Throughout the Glee Project competition, the director, choreographer and vocal coach have made accommodations for Mario so that he could learn his part for each song and music video. The other contestants assisted him as well. However, Mario was treated as a valued member of the  team. When he did well, he was praised. When he made errors, he was corrected. And, when he needed an attitude adjustment, his castmates and directors gave him direct feedback.

Two weeks ago, Mario was eliminated by the judges. As he made his exit, he said,

When people watch this competition, I hope that they see a talented, fearless, inspirational young man that happens to be blind and NOT a blind person that they let on the Glee Project.

 I’m so much more than that.
Blindness is the last thing on my list.

My heart beat faster as I heard him say this. “What if he were talking to the Church?” I thought.  “What if we could always see abilities and possibilities first? What if disabilities were the LAST thing we noticed?”

In my line of work, I’m trained to look for needs, and to be keenly aware of areas of weakness so that I can respond with solutions. Mario reminded me that I need to be sure my “default setting” is on strength-finding…because EVERYONE has gifts, and the Church is incomplete without the gifts of ALL.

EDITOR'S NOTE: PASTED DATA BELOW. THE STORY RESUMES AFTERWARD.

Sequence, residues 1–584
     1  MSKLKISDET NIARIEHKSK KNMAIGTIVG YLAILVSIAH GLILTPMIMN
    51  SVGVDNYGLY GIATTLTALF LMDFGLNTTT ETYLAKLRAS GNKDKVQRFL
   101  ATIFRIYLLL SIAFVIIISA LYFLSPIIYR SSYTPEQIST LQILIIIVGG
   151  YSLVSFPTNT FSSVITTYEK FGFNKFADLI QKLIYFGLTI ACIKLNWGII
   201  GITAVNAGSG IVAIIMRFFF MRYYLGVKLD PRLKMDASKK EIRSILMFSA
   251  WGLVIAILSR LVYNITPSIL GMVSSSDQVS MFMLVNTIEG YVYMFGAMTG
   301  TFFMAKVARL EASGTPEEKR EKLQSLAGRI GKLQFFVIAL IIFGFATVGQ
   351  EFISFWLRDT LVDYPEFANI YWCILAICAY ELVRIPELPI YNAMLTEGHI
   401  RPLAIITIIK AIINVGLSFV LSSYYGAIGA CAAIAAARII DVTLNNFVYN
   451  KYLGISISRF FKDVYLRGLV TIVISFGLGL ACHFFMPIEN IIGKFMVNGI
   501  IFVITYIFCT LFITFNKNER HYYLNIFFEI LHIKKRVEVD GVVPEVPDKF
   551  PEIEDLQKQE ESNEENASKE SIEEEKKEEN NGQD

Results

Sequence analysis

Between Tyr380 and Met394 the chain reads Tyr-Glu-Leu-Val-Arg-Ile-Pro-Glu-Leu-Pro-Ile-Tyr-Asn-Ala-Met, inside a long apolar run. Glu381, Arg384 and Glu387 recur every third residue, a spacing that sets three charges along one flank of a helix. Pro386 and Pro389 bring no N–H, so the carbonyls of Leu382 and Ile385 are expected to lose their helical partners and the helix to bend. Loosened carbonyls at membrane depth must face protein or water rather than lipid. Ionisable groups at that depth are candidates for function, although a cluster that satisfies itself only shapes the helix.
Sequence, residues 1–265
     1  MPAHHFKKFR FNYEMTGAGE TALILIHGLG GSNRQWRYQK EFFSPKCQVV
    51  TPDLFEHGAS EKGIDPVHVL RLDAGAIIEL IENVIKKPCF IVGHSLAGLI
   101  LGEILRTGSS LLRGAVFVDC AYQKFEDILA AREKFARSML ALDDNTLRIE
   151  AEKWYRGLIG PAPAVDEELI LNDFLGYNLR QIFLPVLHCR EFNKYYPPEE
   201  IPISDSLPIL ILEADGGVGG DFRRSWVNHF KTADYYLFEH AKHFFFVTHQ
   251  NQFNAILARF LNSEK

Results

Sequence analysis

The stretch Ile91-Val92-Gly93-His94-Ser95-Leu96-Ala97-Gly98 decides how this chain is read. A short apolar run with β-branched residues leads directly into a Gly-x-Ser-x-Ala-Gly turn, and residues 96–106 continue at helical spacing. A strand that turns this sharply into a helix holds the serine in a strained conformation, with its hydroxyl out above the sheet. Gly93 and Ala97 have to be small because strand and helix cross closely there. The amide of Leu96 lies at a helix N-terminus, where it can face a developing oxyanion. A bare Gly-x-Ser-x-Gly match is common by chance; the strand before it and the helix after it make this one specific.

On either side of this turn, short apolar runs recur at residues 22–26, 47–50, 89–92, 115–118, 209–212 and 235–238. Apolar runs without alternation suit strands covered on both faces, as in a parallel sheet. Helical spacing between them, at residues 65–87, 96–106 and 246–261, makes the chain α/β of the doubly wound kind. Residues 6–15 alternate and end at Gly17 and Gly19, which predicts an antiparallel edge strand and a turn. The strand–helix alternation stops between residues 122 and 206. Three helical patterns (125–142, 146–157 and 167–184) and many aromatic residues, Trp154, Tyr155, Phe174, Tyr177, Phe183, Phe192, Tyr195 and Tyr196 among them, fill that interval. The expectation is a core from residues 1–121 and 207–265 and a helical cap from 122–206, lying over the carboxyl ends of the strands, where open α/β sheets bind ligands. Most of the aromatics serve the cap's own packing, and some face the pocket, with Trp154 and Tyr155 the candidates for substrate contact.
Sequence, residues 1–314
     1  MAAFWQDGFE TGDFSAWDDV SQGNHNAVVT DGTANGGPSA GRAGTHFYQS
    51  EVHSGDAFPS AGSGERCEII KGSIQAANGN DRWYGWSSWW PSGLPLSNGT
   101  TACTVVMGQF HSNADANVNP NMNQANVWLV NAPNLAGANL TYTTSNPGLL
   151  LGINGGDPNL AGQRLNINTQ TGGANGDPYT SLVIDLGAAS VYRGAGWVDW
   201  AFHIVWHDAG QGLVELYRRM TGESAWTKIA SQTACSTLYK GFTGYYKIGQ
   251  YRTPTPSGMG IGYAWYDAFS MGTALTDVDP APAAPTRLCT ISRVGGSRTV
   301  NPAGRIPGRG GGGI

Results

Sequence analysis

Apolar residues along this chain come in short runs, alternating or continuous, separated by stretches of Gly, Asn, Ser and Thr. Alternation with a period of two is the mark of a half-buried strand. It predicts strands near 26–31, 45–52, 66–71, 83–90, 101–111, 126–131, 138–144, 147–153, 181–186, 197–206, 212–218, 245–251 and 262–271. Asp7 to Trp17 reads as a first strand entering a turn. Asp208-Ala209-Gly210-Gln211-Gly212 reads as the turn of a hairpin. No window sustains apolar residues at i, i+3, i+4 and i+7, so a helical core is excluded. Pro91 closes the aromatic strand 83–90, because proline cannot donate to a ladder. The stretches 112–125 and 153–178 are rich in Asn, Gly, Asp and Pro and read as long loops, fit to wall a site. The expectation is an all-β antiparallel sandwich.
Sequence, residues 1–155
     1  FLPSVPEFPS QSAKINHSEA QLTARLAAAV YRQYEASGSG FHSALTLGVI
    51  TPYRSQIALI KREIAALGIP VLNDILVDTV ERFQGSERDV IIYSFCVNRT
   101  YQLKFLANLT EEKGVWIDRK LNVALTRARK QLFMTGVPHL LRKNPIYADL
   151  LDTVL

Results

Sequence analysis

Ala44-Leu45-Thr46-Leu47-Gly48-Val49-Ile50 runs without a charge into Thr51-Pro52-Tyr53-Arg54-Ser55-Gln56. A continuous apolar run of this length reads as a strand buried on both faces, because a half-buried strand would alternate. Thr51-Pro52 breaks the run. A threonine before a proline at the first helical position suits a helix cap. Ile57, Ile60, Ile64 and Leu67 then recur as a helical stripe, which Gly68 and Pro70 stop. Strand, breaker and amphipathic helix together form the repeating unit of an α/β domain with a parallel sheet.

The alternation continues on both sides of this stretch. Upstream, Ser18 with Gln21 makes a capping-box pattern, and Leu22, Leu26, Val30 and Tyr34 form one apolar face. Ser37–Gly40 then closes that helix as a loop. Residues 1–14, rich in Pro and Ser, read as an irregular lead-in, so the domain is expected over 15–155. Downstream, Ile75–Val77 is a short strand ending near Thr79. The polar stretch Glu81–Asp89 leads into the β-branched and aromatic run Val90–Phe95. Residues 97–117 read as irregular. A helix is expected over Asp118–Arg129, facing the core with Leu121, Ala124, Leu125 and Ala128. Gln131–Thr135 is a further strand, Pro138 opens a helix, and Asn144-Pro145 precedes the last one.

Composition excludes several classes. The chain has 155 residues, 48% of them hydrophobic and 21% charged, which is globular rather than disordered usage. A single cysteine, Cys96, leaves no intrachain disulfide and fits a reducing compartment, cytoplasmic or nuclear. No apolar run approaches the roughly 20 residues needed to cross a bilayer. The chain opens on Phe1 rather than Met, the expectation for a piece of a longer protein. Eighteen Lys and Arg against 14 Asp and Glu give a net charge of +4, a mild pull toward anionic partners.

At the end of each episode of The Glee Project, the departing contestant sings a verse of Avril Lavinge’s “Keep Holding On:”

You’re not alone
Together we stand
I’ll be by your side, you know I’ll take your hand
When it gets cold
And it feels like the end
There’s no place to go
You know I won’t give in
No I won’t give in

There’s nothing you could say
Nothing you could do
There’s no other way when it comes to the truth
So keep holding on
‘Cause you know we’ll make it through, we’ll make it through…

When I first heard this song, I thought “What a pretty love song.” Now, it sings like a Psalm, hinting at heaven.

Keep holding on~